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Oil prices follow global market rises
By Xie Ye (China Daily)
Updated: 2004-04-01 00:12

China Wednesday raised the retail prices of gasoline to reflect the price hike on the international market.

The price-rise is likely to add further weight to inflation pressures on the economy, experts said.

The National Development Reform Commission Wednesday raised benchmark gasoline rates by 300 yuan (US$36.3) a ton, or 8 per cent, but kept prices of diesel unchanged.

In Beijing, retail gasoline prices rose to a four year high Wednesday. The benchmark 90-octane rose to 3.23 yuan (39.1 US cents) a litre from 2.99 yuan (36.2 US cents) a litre, while the 96-octane increased to 3.46 yuan (41.8 US cents) a litre from 3.20 yuan (38.7 US cents).

Experts said the price adjustment is to catch up with the international crude oil price hike. The US crude price has hit a 13-year high to above US$38 a barrel on worries about global supplies. Gasoline price in New York has also touched a 18-year high.

China pegged its domestic refined oil products to average rates in Rotterdam, New York and Singapore. Sinopec and PetroChina, the only two authorized oil companies to wholesale gasoline and diesel, are allowed to raise or drop their retail price by 8 per cent from the government-set benchmark.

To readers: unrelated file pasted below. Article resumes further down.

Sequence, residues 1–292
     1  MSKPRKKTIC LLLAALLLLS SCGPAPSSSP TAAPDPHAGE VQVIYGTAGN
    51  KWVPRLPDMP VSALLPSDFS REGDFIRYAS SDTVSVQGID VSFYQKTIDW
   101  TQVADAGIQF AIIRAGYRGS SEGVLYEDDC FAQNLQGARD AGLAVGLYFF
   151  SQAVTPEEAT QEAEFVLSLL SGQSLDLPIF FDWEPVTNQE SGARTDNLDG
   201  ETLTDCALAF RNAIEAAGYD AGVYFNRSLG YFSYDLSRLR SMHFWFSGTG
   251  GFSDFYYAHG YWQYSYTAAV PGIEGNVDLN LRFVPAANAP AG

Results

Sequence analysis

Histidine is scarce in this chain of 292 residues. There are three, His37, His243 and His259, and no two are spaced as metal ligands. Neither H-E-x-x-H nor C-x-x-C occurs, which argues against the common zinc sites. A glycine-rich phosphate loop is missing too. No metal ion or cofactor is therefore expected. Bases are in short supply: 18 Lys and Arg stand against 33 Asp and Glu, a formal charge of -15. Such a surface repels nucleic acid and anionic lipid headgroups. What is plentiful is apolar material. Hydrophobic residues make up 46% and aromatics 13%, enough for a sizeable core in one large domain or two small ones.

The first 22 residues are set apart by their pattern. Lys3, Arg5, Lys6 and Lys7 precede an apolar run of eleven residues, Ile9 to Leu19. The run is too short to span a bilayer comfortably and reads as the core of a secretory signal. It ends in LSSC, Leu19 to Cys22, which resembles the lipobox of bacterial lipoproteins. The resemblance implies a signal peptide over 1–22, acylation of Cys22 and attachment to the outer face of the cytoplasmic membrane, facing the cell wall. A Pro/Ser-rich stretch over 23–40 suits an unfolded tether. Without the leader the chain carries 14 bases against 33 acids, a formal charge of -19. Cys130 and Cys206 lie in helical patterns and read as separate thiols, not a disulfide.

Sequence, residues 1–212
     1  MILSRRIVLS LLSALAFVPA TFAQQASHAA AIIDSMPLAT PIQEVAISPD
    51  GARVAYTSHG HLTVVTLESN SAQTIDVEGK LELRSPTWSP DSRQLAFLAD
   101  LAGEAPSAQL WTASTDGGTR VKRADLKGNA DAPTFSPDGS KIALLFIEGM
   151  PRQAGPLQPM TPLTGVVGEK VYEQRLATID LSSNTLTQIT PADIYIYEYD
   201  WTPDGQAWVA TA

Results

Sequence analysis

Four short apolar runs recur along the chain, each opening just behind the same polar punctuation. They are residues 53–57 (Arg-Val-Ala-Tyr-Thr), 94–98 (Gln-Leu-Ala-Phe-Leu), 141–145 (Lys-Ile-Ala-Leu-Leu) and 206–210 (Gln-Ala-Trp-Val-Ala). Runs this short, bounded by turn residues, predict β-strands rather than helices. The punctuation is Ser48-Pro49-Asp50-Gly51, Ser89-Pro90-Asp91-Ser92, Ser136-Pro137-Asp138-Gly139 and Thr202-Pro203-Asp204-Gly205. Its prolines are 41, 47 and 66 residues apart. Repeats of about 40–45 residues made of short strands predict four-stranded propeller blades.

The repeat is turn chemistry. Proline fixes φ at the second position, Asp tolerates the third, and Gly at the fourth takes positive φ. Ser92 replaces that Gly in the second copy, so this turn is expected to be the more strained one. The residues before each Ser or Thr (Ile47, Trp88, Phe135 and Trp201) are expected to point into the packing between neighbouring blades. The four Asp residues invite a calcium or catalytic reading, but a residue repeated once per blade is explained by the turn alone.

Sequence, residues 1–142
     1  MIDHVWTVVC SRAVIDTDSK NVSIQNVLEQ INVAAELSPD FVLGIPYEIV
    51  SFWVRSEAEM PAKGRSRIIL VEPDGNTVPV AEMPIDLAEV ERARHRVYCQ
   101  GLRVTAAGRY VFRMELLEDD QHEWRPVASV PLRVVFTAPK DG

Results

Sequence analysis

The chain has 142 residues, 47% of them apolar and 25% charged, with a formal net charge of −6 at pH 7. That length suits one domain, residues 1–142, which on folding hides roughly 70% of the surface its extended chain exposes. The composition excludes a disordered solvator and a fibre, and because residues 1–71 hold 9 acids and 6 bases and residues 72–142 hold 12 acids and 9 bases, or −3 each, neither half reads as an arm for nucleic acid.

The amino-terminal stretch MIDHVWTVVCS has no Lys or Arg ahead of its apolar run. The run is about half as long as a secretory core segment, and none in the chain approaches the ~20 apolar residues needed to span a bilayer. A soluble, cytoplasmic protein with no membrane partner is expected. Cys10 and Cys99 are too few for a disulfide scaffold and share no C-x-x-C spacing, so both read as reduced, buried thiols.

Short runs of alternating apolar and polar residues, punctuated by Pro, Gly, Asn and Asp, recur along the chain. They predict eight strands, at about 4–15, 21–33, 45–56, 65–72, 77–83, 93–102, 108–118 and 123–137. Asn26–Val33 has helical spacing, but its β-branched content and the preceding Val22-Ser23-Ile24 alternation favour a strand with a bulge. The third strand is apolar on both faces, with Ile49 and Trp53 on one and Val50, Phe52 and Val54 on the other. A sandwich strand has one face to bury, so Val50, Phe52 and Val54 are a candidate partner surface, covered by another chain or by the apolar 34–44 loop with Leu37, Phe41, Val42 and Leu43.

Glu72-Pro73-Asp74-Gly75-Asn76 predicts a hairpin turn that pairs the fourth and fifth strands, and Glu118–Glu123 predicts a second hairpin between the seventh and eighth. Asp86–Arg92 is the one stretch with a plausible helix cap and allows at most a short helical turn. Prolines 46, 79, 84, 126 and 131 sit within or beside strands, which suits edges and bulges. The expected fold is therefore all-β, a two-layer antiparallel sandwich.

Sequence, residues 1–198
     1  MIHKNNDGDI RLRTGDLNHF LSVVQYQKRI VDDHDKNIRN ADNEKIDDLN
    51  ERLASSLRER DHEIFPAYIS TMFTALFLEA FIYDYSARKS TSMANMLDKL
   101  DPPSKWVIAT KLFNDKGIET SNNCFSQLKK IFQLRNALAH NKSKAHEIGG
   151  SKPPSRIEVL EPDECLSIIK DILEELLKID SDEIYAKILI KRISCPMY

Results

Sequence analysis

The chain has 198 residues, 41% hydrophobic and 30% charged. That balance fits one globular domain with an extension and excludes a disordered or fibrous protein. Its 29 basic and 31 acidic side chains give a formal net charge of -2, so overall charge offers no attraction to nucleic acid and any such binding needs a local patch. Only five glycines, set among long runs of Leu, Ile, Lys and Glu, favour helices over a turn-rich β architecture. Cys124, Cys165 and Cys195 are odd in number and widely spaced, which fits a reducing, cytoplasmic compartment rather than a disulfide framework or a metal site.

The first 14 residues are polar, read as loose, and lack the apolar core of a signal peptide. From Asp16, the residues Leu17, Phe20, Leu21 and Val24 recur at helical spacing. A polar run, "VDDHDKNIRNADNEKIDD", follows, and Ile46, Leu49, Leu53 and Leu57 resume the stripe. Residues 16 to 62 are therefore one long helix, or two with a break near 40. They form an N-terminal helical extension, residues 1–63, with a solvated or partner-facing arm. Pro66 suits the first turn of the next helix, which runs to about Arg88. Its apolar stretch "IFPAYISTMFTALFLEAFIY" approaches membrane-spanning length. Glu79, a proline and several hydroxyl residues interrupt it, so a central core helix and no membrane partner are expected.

Gong Jingshuang, an expert with Economic Research Centre with China National Petroleum Corp, said the demand of oil products will remain strong in the second quarter, despite the price increase.

"The seasonal demand rise in the second quarter will help keep the consumption at high," said Gong.

A thriving car market, rising investment in power, infrastructure and construction are boosting demands for oil products.

The rapid demand growth for oil products has forced Chinese refineries to run at top capacity in previous months, leading to a surge in crude oil import in the first two months this year.

The country, now the second largest oil consumer in the world, imported 10.5 million tons of crude oil in February, a 60.1 per cent year-on-year jump.

Qi Jingmei, an economist from the State Information Centre, said the oil price hike will pass the costs to millions of car users. It, in turn, will increase the prices in service industries.

"The oil price hike, along with price increases in grain, electricity, steel and coal, will add pressure on inflation," said Qi.

"But in the long run, the price increase is inevitable since the economy grows fast."

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